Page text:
The young host sat down on his bed and had me do the same. He answered me: “The soul of animals is corporeal, and I am not surprised that it dies. It may be only a harmony of the four qualities, a force of the blood, a proportion of well-concerted organs. But I would be very surprised if our souls — which are incorporeal, intellectual and immortal — were caused to leave our bodies for the same reasons that cause the soul of an ox to die.
“Has our soul made a deal with the body? If we take a sword thrust to the heart, a bullet in the brain or musket-shot through the body, does the soul leave immediately because its home has a hole in it? The soul would often default on its contract, because some people die of a wound from which others recover. Every soul would have to make separate bargain with its own body. To tell the truth, if the soul were so smart, as some would have us believe, it would be quite crazy to leave a body when it sees that it’s going to an appointed place in Hell.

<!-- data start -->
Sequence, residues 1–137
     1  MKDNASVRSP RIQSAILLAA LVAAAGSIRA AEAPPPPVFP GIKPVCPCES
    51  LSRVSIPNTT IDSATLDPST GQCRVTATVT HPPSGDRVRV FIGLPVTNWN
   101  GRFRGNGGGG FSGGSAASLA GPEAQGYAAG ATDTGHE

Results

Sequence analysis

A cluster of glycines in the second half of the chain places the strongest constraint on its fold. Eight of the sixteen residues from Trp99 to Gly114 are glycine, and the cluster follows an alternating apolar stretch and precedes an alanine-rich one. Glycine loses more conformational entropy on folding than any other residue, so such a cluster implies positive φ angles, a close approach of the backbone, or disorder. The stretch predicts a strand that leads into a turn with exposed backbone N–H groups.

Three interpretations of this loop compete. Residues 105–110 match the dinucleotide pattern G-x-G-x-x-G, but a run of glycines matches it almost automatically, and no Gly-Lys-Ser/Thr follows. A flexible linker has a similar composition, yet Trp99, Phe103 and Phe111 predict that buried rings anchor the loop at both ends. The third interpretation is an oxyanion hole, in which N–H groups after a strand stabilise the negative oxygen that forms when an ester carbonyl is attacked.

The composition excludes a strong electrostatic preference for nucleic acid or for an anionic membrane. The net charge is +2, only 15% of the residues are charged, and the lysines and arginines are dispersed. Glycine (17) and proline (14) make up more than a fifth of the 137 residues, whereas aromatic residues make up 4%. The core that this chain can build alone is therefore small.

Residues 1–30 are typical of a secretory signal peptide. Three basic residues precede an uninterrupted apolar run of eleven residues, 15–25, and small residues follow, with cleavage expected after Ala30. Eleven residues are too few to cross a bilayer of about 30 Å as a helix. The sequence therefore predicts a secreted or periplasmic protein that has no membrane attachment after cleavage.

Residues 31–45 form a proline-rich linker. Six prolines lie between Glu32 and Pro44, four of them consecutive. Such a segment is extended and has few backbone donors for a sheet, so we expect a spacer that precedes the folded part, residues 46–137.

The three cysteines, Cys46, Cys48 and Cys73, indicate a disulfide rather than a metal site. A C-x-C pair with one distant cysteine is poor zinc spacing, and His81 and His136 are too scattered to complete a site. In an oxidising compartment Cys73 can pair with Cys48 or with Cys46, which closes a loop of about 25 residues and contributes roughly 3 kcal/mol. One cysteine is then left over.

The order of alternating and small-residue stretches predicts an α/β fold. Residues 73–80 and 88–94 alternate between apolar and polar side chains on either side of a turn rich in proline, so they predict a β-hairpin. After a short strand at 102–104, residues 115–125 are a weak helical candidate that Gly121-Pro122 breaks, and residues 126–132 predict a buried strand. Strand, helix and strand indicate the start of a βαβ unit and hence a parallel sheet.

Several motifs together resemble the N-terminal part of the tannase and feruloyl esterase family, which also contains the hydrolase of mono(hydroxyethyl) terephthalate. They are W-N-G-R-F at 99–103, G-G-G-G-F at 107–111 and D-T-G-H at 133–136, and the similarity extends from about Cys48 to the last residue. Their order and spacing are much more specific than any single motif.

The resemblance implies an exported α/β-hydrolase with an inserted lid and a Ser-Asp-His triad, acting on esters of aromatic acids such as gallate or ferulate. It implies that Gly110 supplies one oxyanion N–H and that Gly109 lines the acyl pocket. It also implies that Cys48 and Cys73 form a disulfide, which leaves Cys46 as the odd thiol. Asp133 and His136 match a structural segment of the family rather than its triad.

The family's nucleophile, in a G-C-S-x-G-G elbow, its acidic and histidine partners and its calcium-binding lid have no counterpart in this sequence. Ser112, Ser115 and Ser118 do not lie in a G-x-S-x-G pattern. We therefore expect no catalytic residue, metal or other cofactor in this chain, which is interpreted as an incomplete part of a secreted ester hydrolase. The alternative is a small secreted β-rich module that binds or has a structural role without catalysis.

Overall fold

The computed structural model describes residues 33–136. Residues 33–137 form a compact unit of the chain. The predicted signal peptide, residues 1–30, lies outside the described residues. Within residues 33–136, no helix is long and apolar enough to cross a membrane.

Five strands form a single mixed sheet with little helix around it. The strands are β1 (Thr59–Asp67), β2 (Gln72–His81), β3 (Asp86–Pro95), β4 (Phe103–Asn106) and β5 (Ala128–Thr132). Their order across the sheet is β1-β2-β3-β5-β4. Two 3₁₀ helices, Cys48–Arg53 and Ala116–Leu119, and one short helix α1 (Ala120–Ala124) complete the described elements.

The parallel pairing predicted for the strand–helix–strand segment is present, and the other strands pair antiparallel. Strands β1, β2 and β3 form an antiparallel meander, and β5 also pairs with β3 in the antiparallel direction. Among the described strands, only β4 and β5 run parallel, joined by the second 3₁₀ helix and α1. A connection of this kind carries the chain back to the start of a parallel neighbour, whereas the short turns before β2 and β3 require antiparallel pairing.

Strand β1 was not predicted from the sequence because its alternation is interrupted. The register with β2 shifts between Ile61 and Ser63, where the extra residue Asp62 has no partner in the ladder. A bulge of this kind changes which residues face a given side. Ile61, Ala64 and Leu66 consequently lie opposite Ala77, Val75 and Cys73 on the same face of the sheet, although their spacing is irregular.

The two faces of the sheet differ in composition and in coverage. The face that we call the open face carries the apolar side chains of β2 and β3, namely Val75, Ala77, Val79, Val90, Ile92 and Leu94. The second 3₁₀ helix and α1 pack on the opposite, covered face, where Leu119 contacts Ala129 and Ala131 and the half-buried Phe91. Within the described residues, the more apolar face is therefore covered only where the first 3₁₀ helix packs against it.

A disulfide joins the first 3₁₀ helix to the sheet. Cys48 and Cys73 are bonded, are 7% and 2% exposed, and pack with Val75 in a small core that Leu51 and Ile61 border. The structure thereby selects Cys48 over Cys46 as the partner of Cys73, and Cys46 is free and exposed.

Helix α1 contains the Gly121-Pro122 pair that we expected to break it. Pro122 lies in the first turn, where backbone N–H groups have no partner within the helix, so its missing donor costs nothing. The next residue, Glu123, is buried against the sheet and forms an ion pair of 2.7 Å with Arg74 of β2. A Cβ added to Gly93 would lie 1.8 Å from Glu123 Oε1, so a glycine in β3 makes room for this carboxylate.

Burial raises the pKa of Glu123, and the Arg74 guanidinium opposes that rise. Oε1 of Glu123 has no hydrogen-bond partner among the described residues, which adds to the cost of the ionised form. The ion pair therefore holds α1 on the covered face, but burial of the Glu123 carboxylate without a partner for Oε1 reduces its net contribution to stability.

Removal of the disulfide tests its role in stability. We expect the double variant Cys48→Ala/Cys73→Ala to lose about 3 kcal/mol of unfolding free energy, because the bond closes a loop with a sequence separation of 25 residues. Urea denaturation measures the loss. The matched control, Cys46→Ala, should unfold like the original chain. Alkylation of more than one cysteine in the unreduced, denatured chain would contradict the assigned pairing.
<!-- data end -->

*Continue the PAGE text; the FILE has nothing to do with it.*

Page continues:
“And if, as they say, the soul were spiritual and reasonable in itself, if it were as capable of intelligence outside our body as inside it, then why are those who are born blind, with all the fine advantages of this intellectual soul, unable to imagine what it’s like to see? Why can’t the deaf hear? Because death has not yet deprived them of all their senses? Really, now, does that mean I can’t use my right hand because I have a left hand?
“To prove that the soul cannot act without the senses because it is something spiritual, those people cite the example of a painter who cannot paint a picture without paintbrushes. Yes, but that doesn’t mean that the painter who can’t work without a brush will do better if he loses his paints, pencils, canvases and palette. Quite the contrary! The more obstacles are put in his way, the less he can paint.